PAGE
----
Aris Water Solutions, Inc.

Q4 2022 Earnings Conference Call


spk03: Greetings and welcome to the ARIS Water Solutions fourth quarter 2022 earnings call. At this time, all participants are in a listen-only mode. A question and answer session will follow the formal presentation. If anyone should require operator assistance during the conference, please press star zero on your telephone keypad. As a reminder, this conference is being recorded. I would now like to turn the conference over to your host, David Turiff, Senior Vice President, Finance and Investor Relations for ARIS Water Solutions. Thank you. You may begin.
spk06: Good morning and welcome to the ARIS Water Solutions fourth quarter 2022 earnings conference call. I am joined today by our president and CEO, Amanda Brock, our founder and executive chairman, Bill Zartler, and our CFO, Steven Thompson. Before we begin, I'd like to remind you that in this call and the related presentation, we will make forward-looking statements regarding our current beliefs, plans, and expectations, which are not guarantees of future performance and are subject to a number of known and unknown risks and uncertainties and other factors that could cause actual results to differ materially from results and events contemplated by such forward-looking statements. You are cautioned not to place undue reliance on forward-looking statements. Please refer to the risk factors and other cautionary statements included in our filings made from time to time with the Securities and Exchange Commission. I would also like to point out that our investor presentation and today's conference call will contain discussion of non-GAAP financial measures, which we believe are useful in evaluating our performance. These supplemental measures should not be considered in isolation or as a substitute for financial measures prepared in accordance with U.S. GAAP. Reconciliations to the most directly comparable GAAP measures are included in our earnings release and the appendix of today's accompanying presentation. I'll now turn the call over to our founder and executive chairman, Bill Zarler.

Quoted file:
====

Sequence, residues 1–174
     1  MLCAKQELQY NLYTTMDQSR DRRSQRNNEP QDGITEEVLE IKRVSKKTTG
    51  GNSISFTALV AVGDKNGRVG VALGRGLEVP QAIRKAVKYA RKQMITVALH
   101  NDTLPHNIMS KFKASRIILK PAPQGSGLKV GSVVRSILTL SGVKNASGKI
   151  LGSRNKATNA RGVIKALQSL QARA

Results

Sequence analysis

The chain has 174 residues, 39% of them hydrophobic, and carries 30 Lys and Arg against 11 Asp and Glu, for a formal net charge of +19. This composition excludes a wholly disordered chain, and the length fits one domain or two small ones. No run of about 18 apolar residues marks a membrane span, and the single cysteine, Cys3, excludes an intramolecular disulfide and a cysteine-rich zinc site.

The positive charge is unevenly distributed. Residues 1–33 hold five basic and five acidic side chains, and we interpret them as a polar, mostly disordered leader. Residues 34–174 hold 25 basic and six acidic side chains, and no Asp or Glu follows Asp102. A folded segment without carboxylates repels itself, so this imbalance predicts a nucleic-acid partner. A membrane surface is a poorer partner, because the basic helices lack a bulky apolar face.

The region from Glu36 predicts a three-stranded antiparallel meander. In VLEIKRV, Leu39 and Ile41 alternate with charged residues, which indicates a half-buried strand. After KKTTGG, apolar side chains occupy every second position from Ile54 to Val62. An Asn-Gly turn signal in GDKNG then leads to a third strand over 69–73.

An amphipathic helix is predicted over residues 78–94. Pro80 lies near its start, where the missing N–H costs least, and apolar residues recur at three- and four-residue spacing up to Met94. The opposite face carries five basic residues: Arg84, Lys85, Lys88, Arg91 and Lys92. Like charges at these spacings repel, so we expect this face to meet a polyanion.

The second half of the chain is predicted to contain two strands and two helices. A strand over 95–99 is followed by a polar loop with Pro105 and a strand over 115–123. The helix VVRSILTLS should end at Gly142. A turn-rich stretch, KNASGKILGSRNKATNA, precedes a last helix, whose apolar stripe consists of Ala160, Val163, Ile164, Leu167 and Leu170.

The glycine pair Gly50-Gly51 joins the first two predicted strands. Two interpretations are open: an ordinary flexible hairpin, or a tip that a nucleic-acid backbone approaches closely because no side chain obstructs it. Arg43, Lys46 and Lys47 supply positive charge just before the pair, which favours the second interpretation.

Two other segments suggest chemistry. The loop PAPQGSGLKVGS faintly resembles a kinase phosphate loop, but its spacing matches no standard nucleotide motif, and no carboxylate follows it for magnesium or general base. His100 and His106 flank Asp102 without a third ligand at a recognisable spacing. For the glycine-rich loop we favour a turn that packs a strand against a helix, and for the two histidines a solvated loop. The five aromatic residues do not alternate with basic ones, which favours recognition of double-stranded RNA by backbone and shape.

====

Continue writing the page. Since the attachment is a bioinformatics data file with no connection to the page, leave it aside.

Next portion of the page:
spk00: Thank you, David, and thanks everyone for joining us this morning. 2022 marked another year of tremendous progress for the company. We grew both volumes and adjusted EBITDA for the year by more than 20% over 2021. We continue to expand our footprint backed by long-term contracts with premier operators in the core of the Permian Basin. Over the course of last year, the company further established itself as a leader in water infrastructure solutions as evidenced by our strategic comprehensive water management agreement with Chevron and our collaborative beneficial reuse efforts alongside ConocoPhillips, ExxonMobil, and Chevron. I'm excited to continue this momentum in 2023 and well beyond. Looking at the market for 2023, we see steady growth from our largest customers, though as several have communicated publicly, slower growth than forecasted six months ago. As our system expands and covers more ground, we also see additional contracting opportunities with our current and other operators. Capital discipline and shareholder returns remain the core priority for both us and our customers, and no one has been immune to inflationary pressure on operating and capital budgets. For us, that means steady volume growth alongside customers who have extended inventory runway in top-tier dedicated acreage, which we are connected to and is reflected in our CapEx for 2023. We also believe that we are at the forefront of solutions for the beneficial reuse of produced water. We began by recycling produced water for the oil and gas industry's own water intensive operations and believe we can continue to expand our services into other industrial uses. Amanda will elaborate further on our position and efforts in this sector. We also believe we are positioned to be a natural consolidator of the fragmented private and operator-owned oil-filled water infrastructure industry, and adjacent opportunities treating complex water for other verticals outside of the oil and gas industry. We have a proven track record, public equity currency, flexible balance sheet, and a platform that can be efficiently scaled through M&A. In 2022, we evaluated several transactions, but none other than our acquisition of Delaware Energy's assets met our key cash flow and earnings accretion targets. We see future opportunities for consolidation and remain focused on strategic fit, complementary capabilities, and financial discipline. While we're excited about our ample growth opportunities, this year we remain primarily focused on realizing further operational efficiencies, their asset footprint, blue-chip customers, and unparalleled team. I'm excited for ARIS's growth in 2023 and beyond. With that, I'll turn it over to Amanda. Thank you, Bill.